Thursday, August 1, 2013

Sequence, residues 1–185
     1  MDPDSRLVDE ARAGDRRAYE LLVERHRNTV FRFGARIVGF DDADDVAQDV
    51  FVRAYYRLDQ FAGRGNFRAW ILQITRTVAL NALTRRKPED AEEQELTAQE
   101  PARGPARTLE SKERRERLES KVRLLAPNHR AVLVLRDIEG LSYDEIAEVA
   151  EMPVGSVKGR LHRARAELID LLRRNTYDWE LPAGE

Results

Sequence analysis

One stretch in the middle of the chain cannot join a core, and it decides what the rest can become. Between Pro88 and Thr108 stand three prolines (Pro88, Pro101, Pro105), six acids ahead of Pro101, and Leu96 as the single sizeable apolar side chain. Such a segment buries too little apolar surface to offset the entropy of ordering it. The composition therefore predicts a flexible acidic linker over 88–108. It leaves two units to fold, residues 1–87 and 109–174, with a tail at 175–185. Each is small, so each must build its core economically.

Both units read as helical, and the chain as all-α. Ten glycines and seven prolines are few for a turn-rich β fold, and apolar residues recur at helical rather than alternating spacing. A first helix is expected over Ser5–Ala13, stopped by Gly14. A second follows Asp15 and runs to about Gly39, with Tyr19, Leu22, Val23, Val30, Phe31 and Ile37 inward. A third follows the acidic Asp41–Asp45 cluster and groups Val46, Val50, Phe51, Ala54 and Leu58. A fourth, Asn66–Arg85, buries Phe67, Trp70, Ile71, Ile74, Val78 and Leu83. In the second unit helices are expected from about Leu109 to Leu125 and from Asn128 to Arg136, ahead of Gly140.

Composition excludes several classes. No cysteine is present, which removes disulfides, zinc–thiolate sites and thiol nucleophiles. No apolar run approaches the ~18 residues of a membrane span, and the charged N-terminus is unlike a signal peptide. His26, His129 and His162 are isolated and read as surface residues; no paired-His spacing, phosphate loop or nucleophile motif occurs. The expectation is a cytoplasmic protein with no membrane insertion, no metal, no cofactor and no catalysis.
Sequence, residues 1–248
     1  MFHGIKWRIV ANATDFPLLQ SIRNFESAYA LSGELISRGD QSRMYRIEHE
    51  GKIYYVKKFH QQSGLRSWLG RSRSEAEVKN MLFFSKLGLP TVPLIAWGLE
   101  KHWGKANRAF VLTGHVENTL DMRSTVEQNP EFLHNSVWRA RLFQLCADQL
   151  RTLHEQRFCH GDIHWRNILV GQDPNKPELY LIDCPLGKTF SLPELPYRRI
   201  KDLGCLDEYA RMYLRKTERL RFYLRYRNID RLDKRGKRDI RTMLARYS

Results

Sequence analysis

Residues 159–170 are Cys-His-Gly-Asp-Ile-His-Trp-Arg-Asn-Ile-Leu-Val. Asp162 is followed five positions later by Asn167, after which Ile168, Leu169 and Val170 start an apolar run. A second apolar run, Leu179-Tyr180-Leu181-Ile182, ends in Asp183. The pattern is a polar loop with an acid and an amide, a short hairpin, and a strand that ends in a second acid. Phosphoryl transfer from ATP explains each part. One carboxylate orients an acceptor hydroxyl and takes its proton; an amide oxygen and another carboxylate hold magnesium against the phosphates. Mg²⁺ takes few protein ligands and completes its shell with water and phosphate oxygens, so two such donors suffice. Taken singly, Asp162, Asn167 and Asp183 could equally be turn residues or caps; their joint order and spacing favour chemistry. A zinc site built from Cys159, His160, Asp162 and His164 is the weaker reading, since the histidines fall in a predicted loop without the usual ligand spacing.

The Preamble of the United States Constitution includes the words “promote the general welfare.” Can there be anything more basic to “the general welfare” than making sure all citizens of the United States have a basic health plan. I am a believer of universal health care so I thought the current law didn’t go far enough. If we can provide free public education then I sincerely believe all citizens should be provided with free health care. Should there be limits. Sure. But our government should try to serve our citizens. President Obama saw a broken system and earnestly tried to fix it. It was not exactly what he wanted. But he knew that our system of government is based on compromise. He gave in on many areas to gain support for passage of a law that would address a “broken system” for the majority of Americans. It was a start. Improvements to the system would always be welcomed and would only strengthen a great first step in making health care accessible, and possibly affordable for all Americans. The bill was passed, with a “super majority” in the Senate, a majority of the House and the official signing by the President of the United States of America. I teach high school history and government. I really can’t come up with another event in U.S. History that comes close to what followed, and continues to occur, in the attempt by elected officials to sabotage our system of democracy. Republicans sued to get the Supreme Court of the United States to get the Affordable Health Care Bill declared unconstitutional. The key issue was the “individual mandate.” This would require all Americans to have health insurance or be subject to a fine. In an incredible decision, the Chief Justice of the Supreme Court, sided with the liberal members of the court to uphold the law. Chief Justice Roberts is a Republican and was appointed by Republican President George W. Bush. Most people, including me, naturally assumed all members of Congress would work together to improve the law and strengthen its implementation in the interest of helping all Americans. Wow! Was I wrong! The Republican controlled House of Representatives voted to repeal the law. Ok. I think one symbolic vote to voice their dissatisfaction would be acceptable. But 37 votes to repeal a “law” that would never get by the Democratically controlled Senate was a total waste of time and is an insult to the citizens of the United States who expect elected officials to work together to improve the quality of life for all Americans. Finally, I close with the latest stunt being used to sabotage the Affordable Health Care “Law.” Members of the House are threatening to withhold funding for the implementation of this law. I am familiar with the use of this action as a very appropriate use of our Constitution’s system of checks and balances. For example, if the President of the United States uses the military in an undeclared war, Congress can cut funding and force a cessation of the military action. But the Affordable Health Care Act is meant to help the American people. This is a passed law. This law has been found to be “Constitutional” by the Supreme Court of the United States. I applaud President Obama for his efforts but we are going through a unique period of U.S. History. This will be an extremely tough battle. But it is a noble battle worth fighting and winning.